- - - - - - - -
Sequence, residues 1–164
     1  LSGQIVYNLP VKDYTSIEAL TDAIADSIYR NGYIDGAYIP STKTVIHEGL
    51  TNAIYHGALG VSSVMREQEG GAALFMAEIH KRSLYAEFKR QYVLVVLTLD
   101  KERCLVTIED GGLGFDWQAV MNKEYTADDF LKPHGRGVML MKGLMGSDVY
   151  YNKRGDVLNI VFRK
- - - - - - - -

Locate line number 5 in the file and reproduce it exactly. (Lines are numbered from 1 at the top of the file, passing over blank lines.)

   151  YNKRGDVLNI VFRK